I believe the majority of people live their lives under the radar, lying low, hiding their heads in the sand to try and avoid as much pain and conflict as they can. I would include myself in this category a considerable amount of the time.
But, interestingly, it is the condition of pain and suffering that can make us evaluate who we are, what we are doing and what we really want out of life. What would you do given a choice between voluntarily suffering some discomfort for a greater revelation or turning the other cheek to keep sleepwalking your way through life as painlessly as possible?
The other day I was given this opportunity by reading the daily journal of a New Zealand mother, Shanell Christian, as she supports her two year old daughter, Kyah, in her last days of Kyah's battle with terminal cancer. I also shared it with several work colleagues who I thought might like to read it. Whilst I do not know the reactions of all the people I sent it to, I do know that two of them opted to turn the other cheek because of the potential pain it would cause them and one thought that it was the private journey of someone else that she didn’t need to be a party to.
When I first started reading the journal for several days afterwards the tears flowed uncontrollably. This wasn't my child and yet the pain I was feeling whilst reading these journal entries was hideous. I have a daughter of a similar age and it was all too easy to imagine the pain and heartache I would be feeling if that were my child. I considered not reading the journal anymore as I knew it would be so hard when Kyah passed away and it seemed this would be sooner rather than later.
Then as the days passed my grief moved to admiration for Shanell as she shared her highs and lows and I wondered if I could be as strong. And then came the gratefulness - seeing someone's pain and getting a tiny glimmer of what it must feel like started making me even more grateful for my three year old. Her temper tantrums, the running around the house creating a path of destruction, the change of clothes three or four times a day, chattering away about when she is a big girl and goes to school. I was grateful for the what she has now, for what she will have and what she has been. Through the pain of reading about Kyah's journey I was embarking on a journey myself of gratefulness and an opporunity to live life with my children more in the here, more in the now.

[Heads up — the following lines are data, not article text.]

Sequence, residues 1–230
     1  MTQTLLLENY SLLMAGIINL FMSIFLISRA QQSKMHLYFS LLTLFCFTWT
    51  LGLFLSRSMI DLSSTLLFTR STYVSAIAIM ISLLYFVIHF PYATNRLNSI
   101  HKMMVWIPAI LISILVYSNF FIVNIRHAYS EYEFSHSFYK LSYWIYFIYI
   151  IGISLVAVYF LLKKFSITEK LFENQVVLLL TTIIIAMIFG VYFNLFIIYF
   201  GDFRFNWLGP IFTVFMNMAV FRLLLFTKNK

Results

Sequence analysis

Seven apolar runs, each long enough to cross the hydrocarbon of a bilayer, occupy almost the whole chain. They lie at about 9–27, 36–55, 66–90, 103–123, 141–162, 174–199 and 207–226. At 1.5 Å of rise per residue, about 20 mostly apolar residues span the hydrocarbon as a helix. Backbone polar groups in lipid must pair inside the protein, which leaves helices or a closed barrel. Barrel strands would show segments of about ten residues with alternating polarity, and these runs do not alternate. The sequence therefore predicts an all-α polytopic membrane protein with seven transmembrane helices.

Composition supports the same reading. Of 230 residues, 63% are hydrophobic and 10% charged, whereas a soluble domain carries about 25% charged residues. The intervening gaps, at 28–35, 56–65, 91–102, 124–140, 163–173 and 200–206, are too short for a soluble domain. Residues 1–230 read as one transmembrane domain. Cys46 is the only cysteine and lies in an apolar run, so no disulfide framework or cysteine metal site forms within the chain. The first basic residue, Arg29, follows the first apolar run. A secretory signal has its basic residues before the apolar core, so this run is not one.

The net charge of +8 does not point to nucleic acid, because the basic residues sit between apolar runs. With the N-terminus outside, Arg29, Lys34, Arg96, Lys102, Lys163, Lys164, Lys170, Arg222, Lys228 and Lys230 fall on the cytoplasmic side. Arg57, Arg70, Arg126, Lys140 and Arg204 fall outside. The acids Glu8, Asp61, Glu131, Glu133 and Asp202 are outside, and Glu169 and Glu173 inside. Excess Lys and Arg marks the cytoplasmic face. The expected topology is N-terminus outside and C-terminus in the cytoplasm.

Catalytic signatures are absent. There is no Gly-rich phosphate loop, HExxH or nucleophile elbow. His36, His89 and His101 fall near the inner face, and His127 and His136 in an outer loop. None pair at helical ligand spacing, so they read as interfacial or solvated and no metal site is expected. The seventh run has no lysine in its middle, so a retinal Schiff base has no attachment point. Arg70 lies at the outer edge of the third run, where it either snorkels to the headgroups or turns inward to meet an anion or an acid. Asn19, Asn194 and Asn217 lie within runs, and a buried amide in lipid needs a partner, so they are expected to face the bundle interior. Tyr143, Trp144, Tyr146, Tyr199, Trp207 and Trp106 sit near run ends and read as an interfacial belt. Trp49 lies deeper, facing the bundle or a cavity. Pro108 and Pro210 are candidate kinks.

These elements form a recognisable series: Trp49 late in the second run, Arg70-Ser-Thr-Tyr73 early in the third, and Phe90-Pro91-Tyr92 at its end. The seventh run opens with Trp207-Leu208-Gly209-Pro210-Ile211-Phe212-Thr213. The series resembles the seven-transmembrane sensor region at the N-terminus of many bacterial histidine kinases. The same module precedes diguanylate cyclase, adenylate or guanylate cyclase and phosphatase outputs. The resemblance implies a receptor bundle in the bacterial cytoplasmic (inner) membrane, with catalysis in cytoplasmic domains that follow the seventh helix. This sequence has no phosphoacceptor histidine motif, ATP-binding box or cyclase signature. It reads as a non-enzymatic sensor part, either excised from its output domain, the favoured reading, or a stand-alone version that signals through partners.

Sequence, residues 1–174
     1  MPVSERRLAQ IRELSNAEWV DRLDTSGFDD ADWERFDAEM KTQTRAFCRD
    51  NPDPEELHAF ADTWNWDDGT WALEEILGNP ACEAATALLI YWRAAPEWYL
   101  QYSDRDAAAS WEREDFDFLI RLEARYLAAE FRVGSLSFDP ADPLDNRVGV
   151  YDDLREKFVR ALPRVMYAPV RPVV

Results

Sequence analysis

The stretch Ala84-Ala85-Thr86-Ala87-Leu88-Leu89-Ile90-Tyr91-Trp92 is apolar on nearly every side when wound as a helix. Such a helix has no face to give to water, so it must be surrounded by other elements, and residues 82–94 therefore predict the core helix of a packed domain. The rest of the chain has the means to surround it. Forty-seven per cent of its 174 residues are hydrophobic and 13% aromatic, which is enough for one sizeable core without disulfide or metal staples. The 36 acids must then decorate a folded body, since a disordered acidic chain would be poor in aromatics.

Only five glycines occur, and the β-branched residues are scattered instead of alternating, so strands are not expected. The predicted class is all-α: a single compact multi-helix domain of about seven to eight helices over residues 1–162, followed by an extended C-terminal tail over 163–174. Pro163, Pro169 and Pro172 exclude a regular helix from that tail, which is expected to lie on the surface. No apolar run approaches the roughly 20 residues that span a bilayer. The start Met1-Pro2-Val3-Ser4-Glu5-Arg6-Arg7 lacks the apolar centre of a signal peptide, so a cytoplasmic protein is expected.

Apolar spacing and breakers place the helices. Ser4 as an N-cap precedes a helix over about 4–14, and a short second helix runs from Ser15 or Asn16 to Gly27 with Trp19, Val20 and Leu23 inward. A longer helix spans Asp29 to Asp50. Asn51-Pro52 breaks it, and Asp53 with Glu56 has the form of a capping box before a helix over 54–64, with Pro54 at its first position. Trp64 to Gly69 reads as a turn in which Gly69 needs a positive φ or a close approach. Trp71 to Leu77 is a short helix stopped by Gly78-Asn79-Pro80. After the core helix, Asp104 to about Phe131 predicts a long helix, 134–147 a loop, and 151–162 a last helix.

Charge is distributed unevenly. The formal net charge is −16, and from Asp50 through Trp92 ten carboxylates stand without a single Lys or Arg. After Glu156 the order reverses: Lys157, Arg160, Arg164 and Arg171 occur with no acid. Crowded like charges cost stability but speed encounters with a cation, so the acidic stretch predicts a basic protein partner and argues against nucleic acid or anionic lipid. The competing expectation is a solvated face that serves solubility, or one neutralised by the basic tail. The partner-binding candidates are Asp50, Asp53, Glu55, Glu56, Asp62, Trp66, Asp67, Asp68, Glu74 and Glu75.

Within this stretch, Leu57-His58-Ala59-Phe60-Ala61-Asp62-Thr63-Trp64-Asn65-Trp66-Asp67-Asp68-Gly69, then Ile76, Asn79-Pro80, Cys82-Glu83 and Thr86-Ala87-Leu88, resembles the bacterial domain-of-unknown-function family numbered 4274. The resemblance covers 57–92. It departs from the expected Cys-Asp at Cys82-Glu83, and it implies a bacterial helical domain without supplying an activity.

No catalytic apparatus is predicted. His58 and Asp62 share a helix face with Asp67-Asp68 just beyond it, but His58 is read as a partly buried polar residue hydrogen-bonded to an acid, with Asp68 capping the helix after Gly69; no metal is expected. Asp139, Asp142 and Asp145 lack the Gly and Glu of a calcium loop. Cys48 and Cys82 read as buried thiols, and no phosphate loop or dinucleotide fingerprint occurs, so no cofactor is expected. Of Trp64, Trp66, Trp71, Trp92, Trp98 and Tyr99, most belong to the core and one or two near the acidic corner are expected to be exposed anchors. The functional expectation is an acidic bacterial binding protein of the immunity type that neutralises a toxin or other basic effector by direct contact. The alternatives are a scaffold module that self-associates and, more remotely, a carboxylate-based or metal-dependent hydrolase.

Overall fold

My husband told me he was tired of me talking about Kyah but I am grateful to her and her brave family for sharing such heart wrenching, private thoughts. Many of the comments posted in response to the journal have discussed how they are more grateful for their own kids, how they hug them that much tighter and give one more kiss at night. Soon, those actions won't be an option for Kyah and her family. Memories will be what they hold close to them.
Break out of your comfort zone, allow some discomfort and pain in as when you come through the other side you are never the same person and it is your choice whether that is for the better or the worse.
I urge you to read Kyah's journey - it will make you cry, it will make you laugh and it will humble and inspire you. Her spirit and spunk shines through a short life filled with so much pain and those qualities are something we should all aspire to.